By Sherrie Li
By Falling James
By Amanda Lewis
By Amy Nicholson
By Amy Nicholson
By Jennifer Swann
By Scott Foundas
By Sherrie Li
Certain movies seem calculated to divide audiences, as if the filmmakers relished the prospect of fistfights erupting in the lobby. Roger Avary‘s The Rules of Attraction, which opens this week, ups the ante by threatening to divide people against themselves. Alternately ravishing and repellent, and sometimes both at once, it leaves you wondering whether to laud Avary or slug him. My guess, as we begin the interview, is that he will understand exactly how I feel, and that he wouldn’t have it any other way.
”Most people see the reverse-vomiting shot and just go ‘Eeew,’“ Avary allows, in reference to the most eye-catching (and potentially gag-inducing) cinematic flourish in Rules of Attraction, an adaptation of Bret Easton Ellis‘ 1987 novel about the undergraduate lifestyles of the rich and puerile. The shot occurs during an early party-hearty sequence, in which one of the movie’s three central characters, Lauren Hynde (played by A Knight‘s Tale’s Shannyn Sossamon), rises to consciousness out of a drunken blackout to discover that she is losing her virginity, doggy style, to a complete stranger -- a grinding humiliation that is soon trumped when, in the words of Avary‘s screenplay, ”The townie heaves up a mouthful of barf, spraying it onto Lauren’s back with a satisfying SPLASH.“
The suck-it-up instant-rewind effect that follows is typical of the way the movie operates, and of the contradictory responses it provokes. The shot is something brand-new in the annals of gross-out cinema, an achievement of sorts. It is also an act of pure directorial bravado, kicking off a showy device of winding entire sequences back to their starting points, in order to take off again from the POV of a different character -- a direct attempt, it turns out, to duplicate a key effect in the novel.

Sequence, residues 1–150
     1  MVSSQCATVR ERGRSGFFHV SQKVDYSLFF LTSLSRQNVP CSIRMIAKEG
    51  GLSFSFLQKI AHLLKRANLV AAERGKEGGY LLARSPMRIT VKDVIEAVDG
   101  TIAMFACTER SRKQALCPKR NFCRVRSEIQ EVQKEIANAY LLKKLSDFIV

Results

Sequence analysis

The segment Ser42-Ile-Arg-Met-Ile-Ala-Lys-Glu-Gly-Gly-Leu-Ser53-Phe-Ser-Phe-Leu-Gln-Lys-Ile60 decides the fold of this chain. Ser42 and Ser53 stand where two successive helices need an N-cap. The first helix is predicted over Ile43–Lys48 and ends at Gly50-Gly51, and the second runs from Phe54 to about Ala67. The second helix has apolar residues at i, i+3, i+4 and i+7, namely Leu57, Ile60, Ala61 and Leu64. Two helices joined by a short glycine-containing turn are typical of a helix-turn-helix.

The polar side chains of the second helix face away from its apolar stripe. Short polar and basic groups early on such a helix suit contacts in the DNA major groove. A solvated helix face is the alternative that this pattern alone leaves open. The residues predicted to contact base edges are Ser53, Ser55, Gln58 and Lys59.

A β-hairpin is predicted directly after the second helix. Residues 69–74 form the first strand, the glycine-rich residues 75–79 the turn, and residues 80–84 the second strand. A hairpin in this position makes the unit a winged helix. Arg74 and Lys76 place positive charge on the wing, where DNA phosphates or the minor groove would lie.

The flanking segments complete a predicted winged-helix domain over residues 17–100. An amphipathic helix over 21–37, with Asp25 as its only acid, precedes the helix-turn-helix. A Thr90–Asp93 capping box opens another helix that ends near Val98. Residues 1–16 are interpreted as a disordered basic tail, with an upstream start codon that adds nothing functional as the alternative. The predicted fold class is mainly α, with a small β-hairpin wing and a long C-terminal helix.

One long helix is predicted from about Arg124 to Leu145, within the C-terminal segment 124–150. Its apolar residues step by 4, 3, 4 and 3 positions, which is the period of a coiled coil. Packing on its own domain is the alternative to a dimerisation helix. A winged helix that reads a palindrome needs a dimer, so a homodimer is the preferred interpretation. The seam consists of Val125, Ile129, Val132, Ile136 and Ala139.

When Avary read the book as an undergraduate, he saw it as ”a comedy of disconnection and misidentification.“ He was struck, he says, ”by how this was used to generate parallel but contradictory views of singular events -- which is something that has always fascinated me, how different people can see the world in totally different ways. But instead of just showing you the various versions in separate scenes [a familiar ploy in movies at least since Rashomon, in 1950], I wanted to try to link the different accounts by rewinding back to the point at which they diverge. The idea is to give you a visceral understanding that while you are still connected to one time and place, you are seeing things from different angles. It became a device to elaborate on what Brett was doing.“
According to his press bio, ”Roger Avary has a digestive tract that is 17 meters long and is a strict vegetarian.“ He is also the Oscar-winning co-writer of Pulp Fiction (a prize he shared with former video-store colleague, and ex-friend, Quentin Tarantino, whose Reservoir Dogs Avary also co-scripted), the executive producer of the sci-fi TV pilot Mr. Stitch and of the independent end-of-the-world fable The Last Man, and the writer-director of the 1994 thriller Killing Zoe, in which Eric Stoltz, as a hapless safecracker visiting a pal in Paris, is drawn into the doomed schemes of a group of drugged-out bank robbers led by Jean-Hughes Anglade. If anything, Avary‘s film-nerd brain-riffs are even more dizzying than Tarantino’s, in part because they are more wide-ranging. He can segue smoothly from a passionate defense of an underappreciated ”B“ favorite like George A. Romero‘s Dawn of the Dead (”one of the great social satires in the history of American cinema“) to an exegesis on the physiology of film reception. (Video can never emulate the exhilaration of movies because its continuously refreshed scanned images induce a druggy alpha state in the viewer.)
We adjourn from a noisy Mexican restaurant in downtown Manhattan Beach to Avary’s nearby office, upstairs in the guest quarters behind his home -- a writer‘s hidey-hole that looks like the workspace of an artisan, a cobbler or a carpenter. One whole bookcase is filled with tomes about Salvador Dali, research material for a biographical dream project about the painter’s embattled private life. A heavy wooden worktable is dominated by the flat-screen Power Mac G4 on which Rules of Attraction was written and home-edited, using an off-the-shelf copy of Final Cut Pro and a pair of 240GB hard drives. At the same time, I‘m struck by the wood-paneled, almost old-fashioned ambiance.
”I’m often misinterpreted as a filmmaker,“ he says. ”I‘m a fairly conservative, right-wing person, believe it or not. I’m not a leftist in any sense of the word. I have a family, I have kids. I don‘t like guns. It’s not like I want to spin the world into anarchy! But that doesn‘t mean that I should be making films that are conservative in style or content in order to get my point across. Sometimes it’s better to explore extremity in order to find your own center. I would suggest that everything I do is highly moral, that I am actually a moralist. Most people think that I am amoral, but they aren‘t looking deep enough.“
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